The dual specificity tyrosine-regulated kinase 1A (DYRK1A), encoded on human chromosome 21, is thought to play causative roles in several Down syndrome (DS)-associated pathologies due to increased gene dosage. These include neurological phenotypes and DS-acute megakaryocytic leukemia, a disease in which we have previously shown a tumor-promoting role for DYRK1A. Numerous proteins with diverse biological functions can be phosphorylated by DYRK1A, yet the kinase-substrate interactions that are relevant to hematopoiesis remain largely unknown, and several that are known appear to be cell-type specific. For example, we recently found that DYRK1A is essential for cell cycle exit and survival during lymphoid, but not myeloid, development. Other hematopoietic cell types, such as hematopoietic stem cells and granulocytes, are also affected by the loss of DYRK1A, but our preliminary data suggest that the mechanisms underlying these changes are distinct from those in lymphoid cells. To gain a more complete understanding of DYRK1A function in hematopoiesis, we will first utilize a conditional knockout mouse model to study DYRK1A loss-of-function in hematopoietic stem cells and myeloid cells. Second, to identify relevant kinase-substrate interactions in these and other hematopoietic cell types, we will use an unbiased screening method to find cell type-specific DYRK1A targets. This approach utilizes a point mutation in DYRK1A that confers the ability to use bulky ATP-analogs to phosphorylate substrate proteins. This method allows for proteome-wide labeling of direct DYRK1A targets, which can subsequently be identified by mass spectrometry. Finally, we will extend our previous findings that a DYRK1A inhibitor can induce apoptosis in acute lymphoblastic leukemia (ALL) cell lines and primary patient samples. This will include analysis of leukemia-initiating/stem cell activity in mouse models of B- and T-ALL, in which we can use the conditional DYRK1A allele to manipulate its expression level in each disease. Furthermore, we will establish xenografts of primary human leukemia samples in immunodeficient mice to evaluate the potential therapeutic benefit of DYRK1A inhibition. Collectively, these experiments will expand our knowledge of important DYRK1A substrates in hematopoietic cells, and will provide a pre-clinical basis for therapeutic targeting of DYRK1A in leukemia.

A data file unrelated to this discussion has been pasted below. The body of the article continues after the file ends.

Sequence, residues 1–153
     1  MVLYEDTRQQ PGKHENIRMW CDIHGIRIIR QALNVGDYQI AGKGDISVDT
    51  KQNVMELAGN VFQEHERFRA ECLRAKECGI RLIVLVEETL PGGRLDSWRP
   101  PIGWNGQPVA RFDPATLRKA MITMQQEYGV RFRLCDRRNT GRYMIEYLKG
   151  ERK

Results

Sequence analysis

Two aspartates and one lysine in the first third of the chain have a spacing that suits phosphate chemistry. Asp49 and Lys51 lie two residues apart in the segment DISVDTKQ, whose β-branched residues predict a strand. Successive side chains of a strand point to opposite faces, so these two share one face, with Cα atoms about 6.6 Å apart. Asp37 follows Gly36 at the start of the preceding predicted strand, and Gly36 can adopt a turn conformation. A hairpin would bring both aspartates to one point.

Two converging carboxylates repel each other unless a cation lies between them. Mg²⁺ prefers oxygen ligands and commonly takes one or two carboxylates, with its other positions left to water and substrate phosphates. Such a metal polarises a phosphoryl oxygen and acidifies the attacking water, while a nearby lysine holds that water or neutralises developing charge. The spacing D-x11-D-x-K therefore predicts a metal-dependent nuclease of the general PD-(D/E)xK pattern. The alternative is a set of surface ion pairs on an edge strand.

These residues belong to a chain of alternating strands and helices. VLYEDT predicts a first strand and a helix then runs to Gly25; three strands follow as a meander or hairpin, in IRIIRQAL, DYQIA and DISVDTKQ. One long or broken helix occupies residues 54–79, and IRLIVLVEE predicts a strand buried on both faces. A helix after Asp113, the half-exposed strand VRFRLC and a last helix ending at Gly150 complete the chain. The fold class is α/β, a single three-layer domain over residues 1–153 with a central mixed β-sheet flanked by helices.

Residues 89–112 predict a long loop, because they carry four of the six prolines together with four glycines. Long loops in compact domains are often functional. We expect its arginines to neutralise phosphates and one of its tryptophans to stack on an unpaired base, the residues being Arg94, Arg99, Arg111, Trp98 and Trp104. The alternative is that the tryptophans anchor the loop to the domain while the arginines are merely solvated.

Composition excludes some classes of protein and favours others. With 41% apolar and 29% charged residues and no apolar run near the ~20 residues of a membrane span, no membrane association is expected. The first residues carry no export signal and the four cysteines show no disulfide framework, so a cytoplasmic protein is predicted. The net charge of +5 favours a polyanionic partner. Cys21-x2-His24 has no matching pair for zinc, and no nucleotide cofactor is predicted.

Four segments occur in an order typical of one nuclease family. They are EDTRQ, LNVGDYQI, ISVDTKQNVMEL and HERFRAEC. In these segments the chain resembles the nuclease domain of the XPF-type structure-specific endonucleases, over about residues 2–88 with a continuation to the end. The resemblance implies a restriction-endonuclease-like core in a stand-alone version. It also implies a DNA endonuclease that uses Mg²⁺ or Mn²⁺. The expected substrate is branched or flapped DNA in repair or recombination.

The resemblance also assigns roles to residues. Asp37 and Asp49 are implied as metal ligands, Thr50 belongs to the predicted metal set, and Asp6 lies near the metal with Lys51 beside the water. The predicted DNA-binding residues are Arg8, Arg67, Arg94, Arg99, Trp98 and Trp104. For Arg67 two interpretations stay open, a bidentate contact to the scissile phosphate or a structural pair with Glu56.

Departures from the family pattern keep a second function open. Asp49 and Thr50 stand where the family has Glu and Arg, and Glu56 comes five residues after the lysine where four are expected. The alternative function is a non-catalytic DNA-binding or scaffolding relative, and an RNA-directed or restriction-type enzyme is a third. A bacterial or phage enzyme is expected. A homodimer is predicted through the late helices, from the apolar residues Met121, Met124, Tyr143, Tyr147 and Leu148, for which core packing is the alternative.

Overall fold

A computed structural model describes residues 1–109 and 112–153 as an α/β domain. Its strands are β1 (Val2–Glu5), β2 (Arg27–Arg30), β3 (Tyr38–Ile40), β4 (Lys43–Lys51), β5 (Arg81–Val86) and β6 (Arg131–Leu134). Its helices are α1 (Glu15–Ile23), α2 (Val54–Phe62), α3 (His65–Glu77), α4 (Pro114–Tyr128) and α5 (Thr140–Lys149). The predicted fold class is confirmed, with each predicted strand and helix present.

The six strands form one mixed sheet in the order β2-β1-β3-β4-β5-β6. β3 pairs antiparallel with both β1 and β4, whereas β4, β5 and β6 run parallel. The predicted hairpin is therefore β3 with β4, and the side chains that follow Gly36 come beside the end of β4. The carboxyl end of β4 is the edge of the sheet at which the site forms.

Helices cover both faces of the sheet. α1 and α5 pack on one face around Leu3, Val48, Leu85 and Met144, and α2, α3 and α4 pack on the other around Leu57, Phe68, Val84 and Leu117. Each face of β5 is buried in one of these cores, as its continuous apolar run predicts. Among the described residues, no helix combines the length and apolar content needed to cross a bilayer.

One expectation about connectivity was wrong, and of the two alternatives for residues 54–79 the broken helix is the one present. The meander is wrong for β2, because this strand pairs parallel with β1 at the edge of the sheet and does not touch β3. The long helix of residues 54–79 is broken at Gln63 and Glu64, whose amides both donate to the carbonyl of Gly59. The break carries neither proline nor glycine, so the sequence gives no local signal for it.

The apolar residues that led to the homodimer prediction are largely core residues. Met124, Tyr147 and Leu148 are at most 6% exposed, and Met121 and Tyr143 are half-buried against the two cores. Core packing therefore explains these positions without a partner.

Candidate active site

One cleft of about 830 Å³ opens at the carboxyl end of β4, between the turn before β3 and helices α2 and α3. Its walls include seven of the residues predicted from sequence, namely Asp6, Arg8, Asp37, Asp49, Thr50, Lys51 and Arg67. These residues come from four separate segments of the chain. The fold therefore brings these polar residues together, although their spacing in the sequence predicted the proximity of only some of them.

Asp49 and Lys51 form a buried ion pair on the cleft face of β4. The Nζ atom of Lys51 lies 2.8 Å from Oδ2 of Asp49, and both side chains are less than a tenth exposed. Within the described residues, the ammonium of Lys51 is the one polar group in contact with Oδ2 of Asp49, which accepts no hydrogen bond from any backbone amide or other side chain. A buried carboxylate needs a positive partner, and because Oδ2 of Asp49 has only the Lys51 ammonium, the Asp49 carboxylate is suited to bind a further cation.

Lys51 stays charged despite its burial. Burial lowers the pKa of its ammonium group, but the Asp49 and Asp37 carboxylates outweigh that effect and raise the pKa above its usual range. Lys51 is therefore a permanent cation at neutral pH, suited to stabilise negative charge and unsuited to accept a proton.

|Effective start/end date||7/1/15 → 6/30/17|
- American Society of Hematology (Agmt 1/23/15)